and the WU-mail? oh the one about the video, yeah I did, I just completely forgot to respond, sorry! :/

No worries 'bout WU mail; I wrote it on a whole beer and one-half...so it's prolly nonsense.

We have LOTS of guitars...which my hubby can't even really play...he just likes the craftsmanship. Please come pick one or two out, and I'll lie like a rug -- "oh yes, dear, there was a break-in while I was walking the dogs...they noticed there's nothing worth bubkas here except your gee-tars!"
Member Since: August 19, 2008 Posts: 32 Comments: 1918
Quoting VAbeachhurricanes:


drak do you enjoy tracking these types of storms more?


I think I have begun to especially with the scenarios that are more complex.
Member Since: October 28, 2006 Posts: 57 Comments: 30490
Quoting NRAamy:
Quoting AwakeInMaryland:


VIDEOTAPE!? please, baby, please...



Awake, I didn't know you were a cougar!

;)



HAHAHAHAHA
Member Since: September 6, 2007 Posts: 0 Comments: 6494
Quoting AwakeInMaryland:


VIDEOTAPE!? please, baby, please...



Awake, I didn't know you were a cougar!

;)
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297. HadesGodWyvern (Mod)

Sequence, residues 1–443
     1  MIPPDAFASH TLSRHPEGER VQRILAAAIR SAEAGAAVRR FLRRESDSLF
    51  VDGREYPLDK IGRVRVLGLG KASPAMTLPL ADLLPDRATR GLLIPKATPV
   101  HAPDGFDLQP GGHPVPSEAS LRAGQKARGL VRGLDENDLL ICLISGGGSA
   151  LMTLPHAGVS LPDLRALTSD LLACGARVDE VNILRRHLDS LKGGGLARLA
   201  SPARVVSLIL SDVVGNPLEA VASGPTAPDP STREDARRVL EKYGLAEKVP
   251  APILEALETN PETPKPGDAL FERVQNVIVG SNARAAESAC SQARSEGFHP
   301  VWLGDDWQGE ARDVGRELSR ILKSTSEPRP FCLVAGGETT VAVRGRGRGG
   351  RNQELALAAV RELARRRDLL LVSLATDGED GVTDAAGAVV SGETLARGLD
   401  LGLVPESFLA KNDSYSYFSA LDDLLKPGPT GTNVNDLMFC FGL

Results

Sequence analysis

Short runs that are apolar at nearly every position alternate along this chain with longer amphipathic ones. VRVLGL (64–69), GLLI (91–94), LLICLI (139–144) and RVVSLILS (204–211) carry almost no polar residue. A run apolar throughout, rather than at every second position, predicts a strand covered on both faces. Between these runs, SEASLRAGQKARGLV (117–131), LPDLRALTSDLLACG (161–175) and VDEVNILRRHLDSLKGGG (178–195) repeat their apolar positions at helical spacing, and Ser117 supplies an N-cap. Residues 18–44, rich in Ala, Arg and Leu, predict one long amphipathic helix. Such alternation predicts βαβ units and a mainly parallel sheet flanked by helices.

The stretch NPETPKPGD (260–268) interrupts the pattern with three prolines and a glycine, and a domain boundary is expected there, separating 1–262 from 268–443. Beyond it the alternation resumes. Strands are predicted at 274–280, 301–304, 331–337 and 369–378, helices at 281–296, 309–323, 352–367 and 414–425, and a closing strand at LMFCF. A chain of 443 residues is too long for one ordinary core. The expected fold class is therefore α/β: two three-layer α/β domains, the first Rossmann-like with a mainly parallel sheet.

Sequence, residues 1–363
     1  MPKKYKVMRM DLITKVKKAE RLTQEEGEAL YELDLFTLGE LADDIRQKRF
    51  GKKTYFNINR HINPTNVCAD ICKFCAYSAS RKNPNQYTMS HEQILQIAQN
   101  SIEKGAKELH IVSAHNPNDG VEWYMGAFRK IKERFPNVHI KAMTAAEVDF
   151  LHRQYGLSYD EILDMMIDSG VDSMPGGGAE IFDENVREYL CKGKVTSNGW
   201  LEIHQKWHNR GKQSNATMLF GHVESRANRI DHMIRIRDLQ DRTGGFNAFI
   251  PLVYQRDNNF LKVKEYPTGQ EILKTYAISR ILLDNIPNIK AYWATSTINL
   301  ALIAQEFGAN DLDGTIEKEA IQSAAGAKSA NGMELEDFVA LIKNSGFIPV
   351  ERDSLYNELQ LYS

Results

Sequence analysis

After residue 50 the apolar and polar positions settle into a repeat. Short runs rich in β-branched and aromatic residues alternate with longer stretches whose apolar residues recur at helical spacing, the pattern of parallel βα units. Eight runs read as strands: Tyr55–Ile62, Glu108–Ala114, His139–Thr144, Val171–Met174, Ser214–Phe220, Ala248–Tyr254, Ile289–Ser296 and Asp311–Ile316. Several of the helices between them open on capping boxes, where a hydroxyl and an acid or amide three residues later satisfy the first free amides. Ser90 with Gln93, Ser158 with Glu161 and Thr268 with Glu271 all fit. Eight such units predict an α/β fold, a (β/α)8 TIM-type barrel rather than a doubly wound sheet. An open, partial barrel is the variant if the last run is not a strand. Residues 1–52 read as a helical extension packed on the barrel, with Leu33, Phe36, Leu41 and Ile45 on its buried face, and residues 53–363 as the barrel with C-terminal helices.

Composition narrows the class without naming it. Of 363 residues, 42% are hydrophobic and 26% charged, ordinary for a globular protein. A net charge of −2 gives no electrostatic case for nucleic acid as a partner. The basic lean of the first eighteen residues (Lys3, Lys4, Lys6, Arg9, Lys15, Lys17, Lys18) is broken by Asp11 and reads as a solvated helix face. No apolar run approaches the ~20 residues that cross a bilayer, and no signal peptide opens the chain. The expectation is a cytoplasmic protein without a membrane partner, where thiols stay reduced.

Tropical Cyclone Warning Center Perth
Tropical Cyclone Advice Number 38
SEVERE TROPICAL CYCLONE LAURENCE, CAT 4 (01U)
6:00 am AWST December 16 2009
==========================================

At 5:00 am WST, Severe Tropical Cyclone Laurence, Category 4 (944 hPa) located at 15.2S 124.3E has 10 minute sustained winds of 100 knots with gusts of 140 knots. The severe cyclone was estimated to be 40 kms northwest of Kuri Bay and 125 kms northeast of Cockatoo Island and moving southwest at 6 knots.

Severe Tropical Cyclone Laurence is a small but intense tropical cyclone having VERY DESTRUCTIVE WINDS with gusts to 260 kilometres per hour close to the cyclone centre. As Laurence tracks to the southwest near the Kimberley coast VERY DESTRUCTIVE winds may be experienced at Kuri Bay during Wednesday morning.

GALES with gusts to 100 kilometres per hour should extend further southwest along the coast, reaching Cockatoo and Koolan Islands during Wednesday and should the centre pass close by VERY DESTRUCTIVE winds are possible during the afternoon and evening. GALES may extend to Derby and Beagle Bay overnight Wednesday or on Thursday morning.